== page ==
Mortgage approvals soar to highest levels since 2007

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Soaring demand for homes has sent mortgage approvals to their highest level since before the last global financial crisis.

Bank of England data released today shows approvals had climbed to almost 91,500 by the end of September, up from 85,500 the previous month. The last time so many mortgages had been granted was September 2007.

Net mortgage borrowing hit £4.8bn in September, up from £1.8bn in August.

The figures suggested the Chancellor has achieved his goal of bringing mortgage borrowing back to pre-Covid levels with the introduction of the stamp duty holiday for properties under £500,000 until the end of next March.

“The danger is this rush is becoming a stampede and with only so much bandwidth in the system, it’s likely that buyers will already be losing out due to the delays building up across the house purchasing process,” said Jonathan Sealey, CEO of specialist short term lender Hope Capital.

High demand offers opportunities for alternative finance or specialist lending to get deals over the line more quickly, he said, where “mainstream lenders are unable to meet the needs of borrowers in the time frames they require to seize the opportunities in the market”.

Mark Harris, chief executive of mortgage broker SPF Private Clients, said September was his firm’s best month for originations this year, as the stamp duty holiday deadline focused buyers’ minds on getting deals done over the next four to five months.

Timing has become a priority. “Price and criteria are key when choosing a mortgage, but you also need to consider how long it is going to take. There’s no point in trying to get a mortgage from a lender who is six months behind if you need to exchange in four weeks,” Harris said.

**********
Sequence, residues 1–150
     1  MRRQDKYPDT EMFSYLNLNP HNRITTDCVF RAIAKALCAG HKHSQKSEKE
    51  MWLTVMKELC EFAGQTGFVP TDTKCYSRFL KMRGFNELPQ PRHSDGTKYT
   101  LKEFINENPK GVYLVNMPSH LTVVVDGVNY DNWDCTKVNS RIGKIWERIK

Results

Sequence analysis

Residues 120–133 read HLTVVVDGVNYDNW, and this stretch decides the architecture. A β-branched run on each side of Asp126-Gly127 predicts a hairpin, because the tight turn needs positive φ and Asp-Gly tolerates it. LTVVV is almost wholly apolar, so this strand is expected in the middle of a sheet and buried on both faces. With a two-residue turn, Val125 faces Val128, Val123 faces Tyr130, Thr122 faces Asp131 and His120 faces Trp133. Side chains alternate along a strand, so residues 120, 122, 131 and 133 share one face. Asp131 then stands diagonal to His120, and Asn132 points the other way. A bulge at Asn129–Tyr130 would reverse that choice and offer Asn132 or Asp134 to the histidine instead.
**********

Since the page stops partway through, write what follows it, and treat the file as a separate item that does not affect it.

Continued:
However he warned a two-tier lending market is emerging. For borrowers who want more than 85% loan-to-value (LTV) rates have gone up slightly, while in the sub-75% space it is competitive as lenders look to add business to their balance sheets.

“We desperately need more support in the high LTV space,” Harris said, “it isn’t necessarily a risk issue with lenders, more a service issue, as they try to control volumes, and we hope this will improve in coming months.”

Demand for properties have sent average prices to record highs. Property prices rise for the third consecutive month in September, according to the Halifax House Price Index, which now puts the average cost of a home at almost £250,000.

The latest data means house prices are a startling 7.3% higher than the same time a year ago – the strongest growth recorded by Halifax since June 2016.

“The feeling and concern is buyers are feeding into an artificially strong market, driven by historically low mortgage rates and a rush to complete transactions before the end of the stamp duty holiday in March,” Tomer Aboody, director of property lender MT Finance, said